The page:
For a while, I’ve felt that, when it comes to politics, science world-building has been stuck in the past, fixated on stories about galactic empires or rebellions against totalitarian regimes. Governments in science fiction almost never resembles the messy democracies of our world. By contrast, in Malka Older’s Infomocracy, the protagonists are political operatives and central threat is a conspiracy to manipulate an election. This is perhaps the first science fiction story I’ve read that takes electoral institutions seriously and makes them central to the story (not surprisingly, Older is a political scientist).
Infomocracy takes place far in the future under a radically different political regime called the centenal system. Centenals are population units of roughly 100,000 people, and each gets to choose whichever government it wants. If 100,000 people in Massachusetts like the Socialist Party’s welfare system in Oslo, they can vote to join that government. If farmers in Chile find they have more in common with farmers in rural Kansas than with Chileans in Santiago, they can vote to join the Kansan government. It’s microdemocracy on a global scale.
Unlike most science fiction stories with “world governments,” the centenal system is not managed by a single international body, and it’s certainly no utopia.
I doubt Infomocracy represents our future. In both America and much of the rest of the world, we’re currently witnessing a resurgence in nationalism and skepticism towards cosmopolitanism. However, in the tradition of great science fiction, it’s a thought experiment – a “what if?” question – that shines a light on problems in our current political system. The centenal system is, first and foremost, a way to get around the fact that people who live within the same geographic area do not necessarily share the same political preferences. There’s something increasingly artificial about how state or national boundaries define political communities. As political commentators have long noted, the central fault line in America is the urban-rural divide, not red vs. blue state. New Yorkers have far more in common with Londoners and Parisians than with fellow Americans in rural Idaho. By contrast, the centenal system lets people join the government that represents their interests, regardless of geography.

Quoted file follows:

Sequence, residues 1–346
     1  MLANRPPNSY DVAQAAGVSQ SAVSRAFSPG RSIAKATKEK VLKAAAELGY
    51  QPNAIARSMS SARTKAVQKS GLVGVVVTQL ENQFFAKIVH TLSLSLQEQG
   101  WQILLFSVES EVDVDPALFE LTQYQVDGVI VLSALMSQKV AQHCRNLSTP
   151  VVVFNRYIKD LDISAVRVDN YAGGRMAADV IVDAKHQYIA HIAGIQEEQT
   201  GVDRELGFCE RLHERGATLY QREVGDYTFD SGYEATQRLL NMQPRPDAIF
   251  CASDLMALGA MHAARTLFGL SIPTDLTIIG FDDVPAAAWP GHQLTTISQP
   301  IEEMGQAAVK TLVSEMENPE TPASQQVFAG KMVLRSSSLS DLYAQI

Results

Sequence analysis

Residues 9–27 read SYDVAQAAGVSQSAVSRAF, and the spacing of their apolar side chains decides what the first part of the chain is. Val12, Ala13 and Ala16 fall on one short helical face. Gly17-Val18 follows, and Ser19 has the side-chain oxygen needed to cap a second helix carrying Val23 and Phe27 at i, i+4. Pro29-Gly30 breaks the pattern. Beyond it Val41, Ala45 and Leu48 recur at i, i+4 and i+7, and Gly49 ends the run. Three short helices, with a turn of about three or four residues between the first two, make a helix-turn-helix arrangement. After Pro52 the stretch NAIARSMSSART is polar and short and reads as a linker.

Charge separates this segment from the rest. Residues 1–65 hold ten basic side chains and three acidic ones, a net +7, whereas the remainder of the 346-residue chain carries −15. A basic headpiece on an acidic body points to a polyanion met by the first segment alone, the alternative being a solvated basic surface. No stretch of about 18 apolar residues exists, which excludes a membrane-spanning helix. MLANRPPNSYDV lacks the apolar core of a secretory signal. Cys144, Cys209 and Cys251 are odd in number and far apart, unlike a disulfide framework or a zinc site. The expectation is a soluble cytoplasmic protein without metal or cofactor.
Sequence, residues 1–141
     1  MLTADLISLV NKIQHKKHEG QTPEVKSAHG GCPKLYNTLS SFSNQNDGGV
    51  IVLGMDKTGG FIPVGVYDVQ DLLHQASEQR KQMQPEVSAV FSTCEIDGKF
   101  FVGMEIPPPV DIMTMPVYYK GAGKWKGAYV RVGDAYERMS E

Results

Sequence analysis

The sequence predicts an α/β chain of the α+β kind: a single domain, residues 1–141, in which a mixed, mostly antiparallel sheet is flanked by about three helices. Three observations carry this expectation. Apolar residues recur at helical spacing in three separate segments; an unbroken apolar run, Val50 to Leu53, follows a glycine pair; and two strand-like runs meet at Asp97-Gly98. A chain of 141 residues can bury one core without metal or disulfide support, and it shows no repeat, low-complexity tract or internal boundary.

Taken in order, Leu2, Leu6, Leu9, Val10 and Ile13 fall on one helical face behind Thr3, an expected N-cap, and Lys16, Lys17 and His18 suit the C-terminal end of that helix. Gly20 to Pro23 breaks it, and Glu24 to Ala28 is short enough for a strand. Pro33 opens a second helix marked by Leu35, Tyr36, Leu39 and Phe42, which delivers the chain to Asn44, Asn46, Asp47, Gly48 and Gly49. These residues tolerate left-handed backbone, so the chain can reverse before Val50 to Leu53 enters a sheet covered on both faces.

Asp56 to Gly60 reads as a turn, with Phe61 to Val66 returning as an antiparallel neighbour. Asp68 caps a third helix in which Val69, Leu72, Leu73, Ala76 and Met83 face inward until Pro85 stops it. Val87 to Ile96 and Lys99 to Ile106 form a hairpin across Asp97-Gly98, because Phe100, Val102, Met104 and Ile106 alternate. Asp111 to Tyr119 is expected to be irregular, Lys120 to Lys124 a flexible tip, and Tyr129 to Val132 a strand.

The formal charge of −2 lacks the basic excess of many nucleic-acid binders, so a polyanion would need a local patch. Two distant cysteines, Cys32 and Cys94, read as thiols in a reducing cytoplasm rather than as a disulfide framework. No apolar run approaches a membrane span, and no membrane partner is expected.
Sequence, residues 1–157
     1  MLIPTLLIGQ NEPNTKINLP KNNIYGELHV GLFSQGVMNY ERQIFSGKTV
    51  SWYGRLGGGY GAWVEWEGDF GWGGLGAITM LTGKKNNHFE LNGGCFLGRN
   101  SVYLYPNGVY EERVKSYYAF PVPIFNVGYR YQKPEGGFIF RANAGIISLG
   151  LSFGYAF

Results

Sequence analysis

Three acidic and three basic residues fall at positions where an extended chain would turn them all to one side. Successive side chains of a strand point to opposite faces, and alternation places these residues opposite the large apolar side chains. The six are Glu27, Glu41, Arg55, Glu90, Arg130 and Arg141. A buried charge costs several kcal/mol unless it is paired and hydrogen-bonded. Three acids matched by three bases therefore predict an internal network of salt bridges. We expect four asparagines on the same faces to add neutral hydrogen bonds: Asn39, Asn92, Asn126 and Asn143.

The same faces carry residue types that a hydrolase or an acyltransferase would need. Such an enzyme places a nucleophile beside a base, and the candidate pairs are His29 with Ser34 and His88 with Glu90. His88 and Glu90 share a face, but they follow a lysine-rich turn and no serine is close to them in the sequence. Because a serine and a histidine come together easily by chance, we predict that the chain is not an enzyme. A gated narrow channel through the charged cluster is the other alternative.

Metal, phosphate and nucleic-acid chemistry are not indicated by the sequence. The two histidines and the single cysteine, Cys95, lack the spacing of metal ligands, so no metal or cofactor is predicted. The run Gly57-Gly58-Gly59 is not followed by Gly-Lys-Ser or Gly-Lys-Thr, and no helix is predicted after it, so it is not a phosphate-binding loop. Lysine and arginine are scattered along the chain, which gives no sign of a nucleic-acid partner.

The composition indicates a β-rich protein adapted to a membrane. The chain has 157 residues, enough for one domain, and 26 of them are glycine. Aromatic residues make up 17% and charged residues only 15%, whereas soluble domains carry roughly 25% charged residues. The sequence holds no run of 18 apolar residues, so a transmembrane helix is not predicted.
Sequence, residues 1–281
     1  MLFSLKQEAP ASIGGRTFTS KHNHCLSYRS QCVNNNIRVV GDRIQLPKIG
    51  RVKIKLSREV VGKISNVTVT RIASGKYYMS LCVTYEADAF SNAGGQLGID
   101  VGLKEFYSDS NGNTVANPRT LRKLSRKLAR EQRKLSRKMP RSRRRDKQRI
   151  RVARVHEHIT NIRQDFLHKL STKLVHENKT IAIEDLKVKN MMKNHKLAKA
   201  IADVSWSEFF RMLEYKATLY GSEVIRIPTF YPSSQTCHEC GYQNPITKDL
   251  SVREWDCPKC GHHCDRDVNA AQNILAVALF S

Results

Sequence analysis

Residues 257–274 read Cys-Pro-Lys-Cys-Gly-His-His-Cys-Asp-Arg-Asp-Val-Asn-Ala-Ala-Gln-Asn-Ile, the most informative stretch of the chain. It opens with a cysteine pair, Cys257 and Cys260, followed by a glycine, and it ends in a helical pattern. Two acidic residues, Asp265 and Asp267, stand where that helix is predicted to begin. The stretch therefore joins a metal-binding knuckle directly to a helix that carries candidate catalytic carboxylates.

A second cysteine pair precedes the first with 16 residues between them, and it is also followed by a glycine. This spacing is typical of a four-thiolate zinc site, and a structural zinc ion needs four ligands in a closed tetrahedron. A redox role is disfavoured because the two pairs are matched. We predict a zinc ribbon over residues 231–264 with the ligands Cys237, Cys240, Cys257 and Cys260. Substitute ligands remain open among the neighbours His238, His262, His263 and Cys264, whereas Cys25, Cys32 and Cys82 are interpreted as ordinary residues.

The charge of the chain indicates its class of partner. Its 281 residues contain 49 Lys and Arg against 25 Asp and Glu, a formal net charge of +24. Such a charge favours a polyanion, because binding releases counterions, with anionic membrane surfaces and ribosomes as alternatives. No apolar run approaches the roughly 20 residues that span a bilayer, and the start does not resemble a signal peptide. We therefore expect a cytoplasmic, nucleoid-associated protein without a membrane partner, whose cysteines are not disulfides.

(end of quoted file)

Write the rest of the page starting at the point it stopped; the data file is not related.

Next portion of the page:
I respect Older for not making the centenal system a utopia. Although most voters in Infomocracy seem content with the system, it’s not immune to the problems that plague our current democracy. Indeed, the protagonists bemoan the fact that voters are poorly informed and easily swayed by charismatic politicians. Infomocracy‘s future might look more appealing than our present, but it also acknowledges that there’s only so much institutional change can accomplish.
Overall, Infomocracy is a refreshing attempt to use science fiction to think creatively about political problems in our world. Definitely recommended for science fiction fans who are also political junkies.